CHICAGO — Twitter was all abuzz Thursday night when the Montreal Canadiens pulled Michael Cammalleri mid-game against Boston.
(PHOTO: The Minnesota Wild’s David McIntyre (34) catches a puck in front of the Chicago Blackhawks’ Jamal Mayers and Bryan Bickell (29) in the third period at the United Center in Chicago, Illinois on Thursday, January 12, 2012. Chicago won, 5-2.)
At the time, the Minnesota Wild, in desperate need of a scorer, was in the dressing room. All players would be present and accounted for when they returned for the second period.
By the time the third began though, you can bet Mike Yeo wished he could have pulled a few.
It wouldn’t have been for a Cammalleri trade. He and his $7 million cap hit went to Calgary. It would have been for astonishingly bad play in the second period as a 1-1 tie became a 4-1 deficit en route to a 5-2 Wild loss to the Chicago Blackhawks at the United Center.
“Everything we needed to do to win this game, we didn’t do,” said an incensed Yeo, the coach’s eyes fiery red. “We have to play the right way, and we have to have everybody. And tonight, we didn’t even come close to playing the right way, and we didn’t come close to having everybody.”
It wasn’t the Blackhawks’ trio of All-Stars — Jonathan Toews, Patrick Kane or Marian Hossa — who handed the Wild a 12th loss in 14 games. Jimmy Hayes and Viktor Stalberg scored 23 seconds apart to spark a three-goal Chicago middle frame.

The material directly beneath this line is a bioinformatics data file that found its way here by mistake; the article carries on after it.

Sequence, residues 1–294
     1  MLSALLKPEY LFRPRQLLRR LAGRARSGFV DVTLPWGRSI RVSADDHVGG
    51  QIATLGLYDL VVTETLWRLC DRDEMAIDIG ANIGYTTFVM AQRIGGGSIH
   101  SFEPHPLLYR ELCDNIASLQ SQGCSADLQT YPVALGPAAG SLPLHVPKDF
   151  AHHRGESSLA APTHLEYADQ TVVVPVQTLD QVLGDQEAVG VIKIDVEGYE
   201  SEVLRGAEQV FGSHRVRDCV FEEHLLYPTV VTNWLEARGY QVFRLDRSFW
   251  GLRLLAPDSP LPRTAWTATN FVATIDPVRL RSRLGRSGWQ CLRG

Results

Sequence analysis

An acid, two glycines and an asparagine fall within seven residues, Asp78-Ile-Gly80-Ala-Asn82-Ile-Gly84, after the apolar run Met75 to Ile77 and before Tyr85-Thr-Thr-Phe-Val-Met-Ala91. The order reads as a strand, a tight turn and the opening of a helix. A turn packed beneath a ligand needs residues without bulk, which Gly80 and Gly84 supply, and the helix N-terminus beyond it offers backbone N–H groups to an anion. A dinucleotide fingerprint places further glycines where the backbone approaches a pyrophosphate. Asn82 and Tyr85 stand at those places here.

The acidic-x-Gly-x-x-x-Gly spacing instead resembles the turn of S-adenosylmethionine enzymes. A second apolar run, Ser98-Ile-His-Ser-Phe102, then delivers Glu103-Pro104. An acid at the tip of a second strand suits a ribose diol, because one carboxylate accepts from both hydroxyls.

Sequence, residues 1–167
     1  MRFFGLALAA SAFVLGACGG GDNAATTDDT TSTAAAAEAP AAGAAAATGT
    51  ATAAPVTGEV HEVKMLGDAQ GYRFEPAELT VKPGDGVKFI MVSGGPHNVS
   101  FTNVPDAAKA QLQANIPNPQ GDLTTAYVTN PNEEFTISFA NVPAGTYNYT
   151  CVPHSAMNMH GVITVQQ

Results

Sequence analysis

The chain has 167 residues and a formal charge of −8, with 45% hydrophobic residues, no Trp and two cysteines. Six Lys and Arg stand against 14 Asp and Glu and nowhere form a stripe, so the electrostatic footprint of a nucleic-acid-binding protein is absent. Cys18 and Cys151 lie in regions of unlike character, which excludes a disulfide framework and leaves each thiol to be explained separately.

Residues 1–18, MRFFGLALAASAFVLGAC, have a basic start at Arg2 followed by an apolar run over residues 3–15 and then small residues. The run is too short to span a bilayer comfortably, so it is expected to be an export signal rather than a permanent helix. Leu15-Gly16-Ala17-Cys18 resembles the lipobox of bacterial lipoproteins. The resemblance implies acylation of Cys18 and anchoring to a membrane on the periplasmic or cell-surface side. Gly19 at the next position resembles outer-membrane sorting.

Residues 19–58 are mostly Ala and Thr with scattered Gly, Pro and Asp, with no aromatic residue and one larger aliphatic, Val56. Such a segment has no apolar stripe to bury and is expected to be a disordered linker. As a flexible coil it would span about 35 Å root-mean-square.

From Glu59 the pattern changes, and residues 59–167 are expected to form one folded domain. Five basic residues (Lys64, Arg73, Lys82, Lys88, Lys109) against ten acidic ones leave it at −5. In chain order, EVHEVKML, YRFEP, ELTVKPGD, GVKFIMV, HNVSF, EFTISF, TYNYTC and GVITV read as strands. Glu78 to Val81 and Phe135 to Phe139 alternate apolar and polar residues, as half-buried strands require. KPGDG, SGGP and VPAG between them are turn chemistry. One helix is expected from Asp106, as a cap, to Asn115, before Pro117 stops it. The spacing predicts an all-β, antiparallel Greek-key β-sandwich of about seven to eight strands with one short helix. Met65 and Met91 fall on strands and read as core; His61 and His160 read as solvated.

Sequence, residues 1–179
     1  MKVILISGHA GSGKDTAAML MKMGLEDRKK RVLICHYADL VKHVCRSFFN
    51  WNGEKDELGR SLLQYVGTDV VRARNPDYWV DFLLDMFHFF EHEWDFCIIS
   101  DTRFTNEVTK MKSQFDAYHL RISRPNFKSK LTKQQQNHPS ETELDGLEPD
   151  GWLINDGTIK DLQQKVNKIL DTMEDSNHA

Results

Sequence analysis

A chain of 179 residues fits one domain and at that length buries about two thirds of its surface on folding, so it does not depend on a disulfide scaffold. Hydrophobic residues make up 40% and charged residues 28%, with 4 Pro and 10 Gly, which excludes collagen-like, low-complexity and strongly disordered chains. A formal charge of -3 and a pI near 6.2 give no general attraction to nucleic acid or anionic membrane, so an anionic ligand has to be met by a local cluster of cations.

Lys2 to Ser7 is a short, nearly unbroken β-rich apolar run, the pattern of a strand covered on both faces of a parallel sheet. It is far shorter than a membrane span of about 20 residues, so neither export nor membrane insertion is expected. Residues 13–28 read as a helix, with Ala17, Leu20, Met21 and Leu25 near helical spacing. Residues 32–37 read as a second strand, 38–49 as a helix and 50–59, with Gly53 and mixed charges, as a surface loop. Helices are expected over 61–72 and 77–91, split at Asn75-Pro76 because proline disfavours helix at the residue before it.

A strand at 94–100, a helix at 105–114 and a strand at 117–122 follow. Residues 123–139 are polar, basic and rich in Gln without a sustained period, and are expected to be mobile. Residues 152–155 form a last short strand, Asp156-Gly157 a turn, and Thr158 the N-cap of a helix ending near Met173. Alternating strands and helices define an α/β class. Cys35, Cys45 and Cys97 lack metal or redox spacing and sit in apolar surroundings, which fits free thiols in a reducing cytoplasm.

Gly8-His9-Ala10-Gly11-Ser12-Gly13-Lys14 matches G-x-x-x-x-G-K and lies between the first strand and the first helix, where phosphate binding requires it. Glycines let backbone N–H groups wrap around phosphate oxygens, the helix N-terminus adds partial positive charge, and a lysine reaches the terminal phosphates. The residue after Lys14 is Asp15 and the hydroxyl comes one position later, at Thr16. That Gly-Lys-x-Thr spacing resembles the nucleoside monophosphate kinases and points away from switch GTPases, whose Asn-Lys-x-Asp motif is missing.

Josh Harding, ill the past few days, was chased for Matt Hackett by the 16:27 mark. He was slow to react to shots, giving up three goals on eight shots in the second and four on 21 in the game.
Health, he said, was no excuse.
“That’s unacceptable by myself. I was awful out there,” Harding said. “Just an off night. Let the team down here. … I was pretty brutal.”
Greg Zanon and Clayton Stoner had a rough night. The defense pair was on the ice for three goals and played starring roles on Harding’s last two.
Zanon’s a 31-year-old, seven-year-pro. But continuing his recent refusal to talk about his individual play, Zanon said brusquely, “I’m not going to answer any of those questions about me and Stony.”
With a #FreeLundin campaign started on Twitter by fans baffled that Mike Lundin has been scratched in nine of the past 10 games, a game like Thursday could get Lundin unchained Saturday in St. Louis. That’s, of course, if Marco Scandella or Nate Prosser aren’t recalled first to aid the Wild’s suddenly unreliable blue line.
Devin Setoguchi, scratched against San Jose for missing a team meeting, got things started with his first goal since Nov. 30. But it went downhill after Andrew Shaw tied it five minutes later.
“First 10 minutes we got pucks deep and did good things,” Setoguchi said. “Then we kind of sat back and we weren’t urgent. Collectively, we weren’t playing the system the way we’re supposed to play.
“We pushed for a couple minutes at a time and then sat back for another 10.”
Frustrating, said Matt Cullen (minus-3), especially after the victory at San Jose Tuesday night. Dany Heatley had one shot; Mikko Koivu none.
“We just didn’t have, for some reason, the spark, the jump, to get it done,” Cullen said.
Yeo is tired of it. The Wild is 0-7-1 in its past eight on the road. The next three games and seven of the next nine are on the road.
“Let’s decide right now,” Yeo said. “We all talk about the playoffs, and that’s nice. But you don’t talk your way into the playoffs. This is when playoff teams are made — right now, when it’s hard.
“If we hope it’s going to be easy, it’s not going to happen. It’s time we decide, ‘Do we want to make this happen,’ and start doing it.”